Why Dell Is Better as a Private Company

VIDEO: Jim Ganthier, Dell VP/GM for engineered solutions and cloud, discusses how Dell is benefiting from becoming private and how the HP split will be an opportunity.

Corporate transformation can bring opportunity to both the company being transformed as well as its rivals. Dell transformed itself in 2013 when the company went private in a $25 billion deal. Now, as Dell's rival Hewlett-Packard (HP) is nearing a split into two separate companies, Jim Ganthier, VP and GM for engineered solutions and cloud at Dell, sees an opportunity for his company from the change.

In a video interview with eWEEK, Ganthier discusses the benefits of his company's private placement and the potential opportunities as other market players go through their own transformation. Ganthier also details Dell's position on the public, private and hybrid cloud and how it is different from others in the industry.

"We take all of our competitors very seriously," Ganthier said. "In chaos, resides opportunity, to use a Sun Tzu phrase."

Ganthier commented that there is potential chaos and disruption going on at multiple technology vendors. For example, at Cisco there is a leadership change with the new CEO Chuck Robbins already realigning the management team. At IBM and Lenovo, there are also changes and challenges and HP is splitting into two groups.

"There are going to be a lot of questions in our industry," Ganthier said. "While there is that chaos somewhere else, Dell is a safe harbor for customers that want to stand up either classic server, storage and networking as well as software services and end-user computing."

The impact of Dell's now being a private company also adds to the company's ability to perform, according to Ganthier. As a private company, Ganthier said that Dell is faster and more focused than it could have been as a public company.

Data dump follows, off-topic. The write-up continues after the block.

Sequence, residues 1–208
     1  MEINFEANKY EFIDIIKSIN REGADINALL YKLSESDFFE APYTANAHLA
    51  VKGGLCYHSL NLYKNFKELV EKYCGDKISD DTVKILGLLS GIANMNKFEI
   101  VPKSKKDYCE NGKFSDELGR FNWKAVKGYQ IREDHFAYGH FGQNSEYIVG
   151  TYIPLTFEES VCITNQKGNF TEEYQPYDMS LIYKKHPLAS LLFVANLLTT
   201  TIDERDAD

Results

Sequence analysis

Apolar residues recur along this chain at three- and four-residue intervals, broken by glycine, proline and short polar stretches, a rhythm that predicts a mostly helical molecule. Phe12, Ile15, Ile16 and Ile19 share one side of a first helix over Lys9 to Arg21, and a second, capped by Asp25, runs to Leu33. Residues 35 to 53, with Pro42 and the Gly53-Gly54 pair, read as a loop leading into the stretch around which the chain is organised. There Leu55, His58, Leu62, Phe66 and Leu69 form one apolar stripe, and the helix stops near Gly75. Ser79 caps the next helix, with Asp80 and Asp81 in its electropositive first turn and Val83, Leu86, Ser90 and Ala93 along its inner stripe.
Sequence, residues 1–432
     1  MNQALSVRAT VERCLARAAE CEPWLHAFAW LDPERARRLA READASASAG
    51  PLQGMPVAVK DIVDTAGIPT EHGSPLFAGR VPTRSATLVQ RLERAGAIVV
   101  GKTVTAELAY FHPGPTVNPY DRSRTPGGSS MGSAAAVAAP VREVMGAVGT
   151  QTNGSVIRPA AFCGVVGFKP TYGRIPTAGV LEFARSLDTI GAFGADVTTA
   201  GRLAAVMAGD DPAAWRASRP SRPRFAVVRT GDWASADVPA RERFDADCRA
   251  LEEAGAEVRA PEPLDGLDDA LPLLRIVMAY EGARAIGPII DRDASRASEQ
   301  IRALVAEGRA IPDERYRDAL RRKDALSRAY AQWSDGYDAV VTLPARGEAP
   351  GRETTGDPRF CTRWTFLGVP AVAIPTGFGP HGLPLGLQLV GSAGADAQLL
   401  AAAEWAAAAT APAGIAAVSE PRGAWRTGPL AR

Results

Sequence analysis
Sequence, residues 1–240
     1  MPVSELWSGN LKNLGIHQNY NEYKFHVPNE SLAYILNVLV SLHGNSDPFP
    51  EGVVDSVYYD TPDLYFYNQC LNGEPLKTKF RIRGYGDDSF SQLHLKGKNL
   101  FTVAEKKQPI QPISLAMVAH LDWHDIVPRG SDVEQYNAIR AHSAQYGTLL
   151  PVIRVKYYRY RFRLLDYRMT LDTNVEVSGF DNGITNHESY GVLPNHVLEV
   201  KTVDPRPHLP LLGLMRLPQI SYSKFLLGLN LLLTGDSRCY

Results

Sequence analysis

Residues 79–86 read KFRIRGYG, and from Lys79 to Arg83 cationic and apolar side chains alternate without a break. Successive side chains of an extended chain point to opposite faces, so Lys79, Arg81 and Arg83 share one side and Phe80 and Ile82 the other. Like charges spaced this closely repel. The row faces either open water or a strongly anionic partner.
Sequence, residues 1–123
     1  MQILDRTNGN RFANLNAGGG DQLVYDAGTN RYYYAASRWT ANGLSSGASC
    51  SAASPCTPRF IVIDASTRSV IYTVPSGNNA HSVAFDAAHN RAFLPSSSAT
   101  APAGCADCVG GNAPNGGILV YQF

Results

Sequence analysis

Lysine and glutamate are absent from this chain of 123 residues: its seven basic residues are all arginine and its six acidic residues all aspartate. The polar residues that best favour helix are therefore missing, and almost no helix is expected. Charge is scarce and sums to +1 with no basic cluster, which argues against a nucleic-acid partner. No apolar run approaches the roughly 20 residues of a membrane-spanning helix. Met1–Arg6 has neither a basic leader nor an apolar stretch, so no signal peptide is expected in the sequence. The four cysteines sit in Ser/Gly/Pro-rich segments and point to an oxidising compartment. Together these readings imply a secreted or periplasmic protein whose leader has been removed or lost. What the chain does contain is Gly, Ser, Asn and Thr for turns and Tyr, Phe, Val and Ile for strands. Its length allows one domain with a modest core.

"When you have a very short-term focus and you're thinking on a 90-day shot clock, there are certain decisions you're going to make because you have someone else looking over your shoulder," Ganthier said. "When you're private, you can focus on customers, you can focus on the long term and you can focus on strategic aspects."

Ganthier added that there is also a significant time-management benefit to being private. He commented that as a private company, the CEO and top executives don't have to take the 15 to 20 days a year needed to get prepped for Wall Street. Instead, that time can be used to focus on strategy and execution.

"It not only frees you up, it [being private] makes you fast; it makes you more agile; and frankly, that's one of the reasons why you're seeing us put such great numbers up on the wall," Ganthier said.

A core focus for Ganthier is cloud, whether that cloud is private, public or hybrid. In Ganthier's view, the future of all cloud use is as a hybrid model.

"We believe that everybody is going to eventually end up in an hybrid cloud," Ganthier said. "It's not a question of if; it's a question of how fast and when."

Watch the full video interview with Ganthier below:

Sean Michael Kerner is a senior editor at eWEEK and InternetNews.com. Follow him on Twitter @TechJournalist.

Sean Michael Kerner

Sean Michael Kerner

Sean Michael Kerner is an Internet consultant, strategist, and contributor to several leading IT business web sites.